Having a passion for rifles more often than not comes with an affection for travel, the outdoors and exploration. It does for me, a proud owner of an AR-15 who lives in a city and hates in-doors shooting ranges here. Luckily, my likes and my dilemma come together to be solved by combining the two, and it might just be the case for you too. But even if not, you might just be moving from one state to another, or going on a long vacation. Whatever the reason, here are a few tips on how to travel with an AR-15.
Driving with an AR-15
If you’re going to travel with an AR-15, the first thing you need to understand is that gun laws and regulations differ from state to state. Yes, it’s stating the obvious, but it had to be gotten out of the way. Now, you might be wondering, is it even possible to cross several states without getting a permit for each, and reading through heaps of different regulations? The answer is a satisfying yes, but… If you’re allowed to carry your gun in your home state and the state you’re ultimately heading to; you can drive with your AR-15 throughout your journey legally. This is thanks to U.S. Code 926A.
Aside from the legal side of transportation, when travelling with your AR-15, you probably want to bring your cleaning and maintenance kit with you. You should always keep your gun in a designated spot in your car and have your license information backed up someone safe in case of theft or loss. Losing your luggage or even having your car stolen is always a possibility, and it’s essential that you report firearm theft to the local police and the ATF in such a case.
Things you should keep in mind:
- You must make sure your permit is valid at your destination. This page can help https://www.usacarry.com/concealed_carry_permit_reciprocity_maps.html
- You must travel with your rifle and ammunition separated as a general rule.
- Some laws and regulations are federal and apply wherever you may be https://www.nraila.org/articles/20040324/citizen-s-guide-to-federal-firearms-law
- The ATF’s toll-free number for reporting gun loss: 1-888-930-9275
Flying with an AR-15
Flying with your AR-15 is possibly more straightforward than driving with it. Aside from packaging and having to disclose it at check-in, you won’t have to worry about different gun laws in the states you’re flying over.
The most important things you need to keep in mind are:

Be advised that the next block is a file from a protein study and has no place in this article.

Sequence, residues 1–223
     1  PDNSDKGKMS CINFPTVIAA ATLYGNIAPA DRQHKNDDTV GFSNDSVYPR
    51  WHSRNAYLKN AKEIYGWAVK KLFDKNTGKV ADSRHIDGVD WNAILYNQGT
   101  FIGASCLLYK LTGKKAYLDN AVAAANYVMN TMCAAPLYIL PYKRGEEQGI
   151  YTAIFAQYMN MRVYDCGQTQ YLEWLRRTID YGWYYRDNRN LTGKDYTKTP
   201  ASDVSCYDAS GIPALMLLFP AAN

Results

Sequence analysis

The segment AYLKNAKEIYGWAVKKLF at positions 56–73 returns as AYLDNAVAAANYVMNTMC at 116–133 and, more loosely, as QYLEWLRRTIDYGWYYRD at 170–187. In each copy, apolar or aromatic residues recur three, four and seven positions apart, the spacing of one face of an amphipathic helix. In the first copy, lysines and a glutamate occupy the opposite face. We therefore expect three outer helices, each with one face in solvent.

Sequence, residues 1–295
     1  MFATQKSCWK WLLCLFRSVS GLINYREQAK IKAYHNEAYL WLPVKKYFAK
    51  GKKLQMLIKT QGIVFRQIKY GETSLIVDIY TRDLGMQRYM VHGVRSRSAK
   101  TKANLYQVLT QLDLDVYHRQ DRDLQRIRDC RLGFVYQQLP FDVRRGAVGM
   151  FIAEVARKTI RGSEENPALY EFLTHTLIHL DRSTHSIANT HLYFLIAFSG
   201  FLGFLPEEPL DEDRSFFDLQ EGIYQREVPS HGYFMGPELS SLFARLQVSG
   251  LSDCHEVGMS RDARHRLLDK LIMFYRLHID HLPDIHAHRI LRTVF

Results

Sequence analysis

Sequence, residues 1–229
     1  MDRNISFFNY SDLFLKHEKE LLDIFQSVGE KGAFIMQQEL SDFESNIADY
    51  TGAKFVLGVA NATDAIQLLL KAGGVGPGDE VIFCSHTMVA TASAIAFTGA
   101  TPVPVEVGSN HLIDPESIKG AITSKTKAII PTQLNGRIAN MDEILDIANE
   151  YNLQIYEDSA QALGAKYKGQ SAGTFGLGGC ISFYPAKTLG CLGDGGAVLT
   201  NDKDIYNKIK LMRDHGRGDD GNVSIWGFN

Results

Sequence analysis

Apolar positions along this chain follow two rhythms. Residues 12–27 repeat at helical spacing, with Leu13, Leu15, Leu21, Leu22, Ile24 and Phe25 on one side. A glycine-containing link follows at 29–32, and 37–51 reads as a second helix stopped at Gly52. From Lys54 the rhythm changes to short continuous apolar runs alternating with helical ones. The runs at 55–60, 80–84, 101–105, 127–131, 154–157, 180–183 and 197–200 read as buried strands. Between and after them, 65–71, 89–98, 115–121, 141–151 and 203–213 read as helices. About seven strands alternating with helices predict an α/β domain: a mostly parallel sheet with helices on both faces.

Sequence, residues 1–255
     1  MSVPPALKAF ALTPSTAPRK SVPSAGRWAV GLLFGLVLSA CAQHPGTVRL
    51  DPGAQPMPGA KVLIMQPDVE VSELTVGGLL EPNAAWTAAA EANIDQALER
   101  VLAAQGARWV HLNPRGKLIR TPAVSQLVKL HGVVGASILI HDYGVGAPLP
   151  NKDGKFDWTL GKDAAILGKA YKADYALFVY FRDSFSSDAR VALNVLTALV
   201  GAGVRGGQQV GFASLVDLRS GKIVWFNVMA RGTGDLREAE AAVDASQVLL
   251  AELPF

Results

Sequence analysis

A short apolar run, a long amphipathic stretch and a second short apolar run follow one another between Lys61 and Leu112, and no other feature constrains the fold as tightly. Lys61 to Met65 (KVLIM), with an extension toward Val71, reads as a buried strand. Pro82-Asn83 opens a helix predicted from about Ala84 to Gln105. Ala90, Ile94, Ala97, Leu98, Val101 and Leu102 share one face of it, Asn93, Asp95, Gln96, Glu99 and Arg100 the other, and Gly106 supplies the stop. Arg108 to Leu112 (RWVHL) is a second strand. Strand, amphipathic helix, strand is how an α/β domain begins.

- As with driving your AR-15, you must make sure your permit is valid in the state you’re traveling to.
- Your rifle must never be loaded.
- You must disclose that you’re transporting a firearm to the airliner.
- It must be transported as checked baggage.
- The rifle must be stored in a hard-sided case with non-TSA locks. This includes magazines and clips. https://www.tsa.gov/travel/transporting-firearms-and-ammunition
It might sound counter-intuitive, but using TSA locks is illegal, as the locks must not be easily unlockable by anyone without a key. You’re also required to be the only one with the key or lock combination for your hard-sided container.
Now if you’re in an urban area like me, it’s always a good idea to be as calm and friendly as possible while disclosing you have a gun at check. Use the word firearm instead of ‘gun’ to avoid freaking out anyone who might be overhearing you. If you’re in a gun-friendly state, it’s almost certain you won’t get a reaction from anyone.
Some possible complications:
Some states don’t issue permits for non-residents and might not honor your firearm permit. In these cases, it’s just not possible to carry your AR-15 with you. I wouldn’t want to visit them anyway, personally. Some will require you to get a new permit, and in those cases, I’d personally advise you to call ahead to the concerned authorities in your final destination state and apply for a permit beforehand, even though a federal ruling found if you’re already a legal gun owner, you shouldn’t have to wait until a second background check is conducted to come into possession of a firearm. Some might argue over technicalities and whether this applies to getting a second permit for the same gun. Whatever the case, you obviously don’t want to get stuck in a cumbersome bureaucratic battle over it.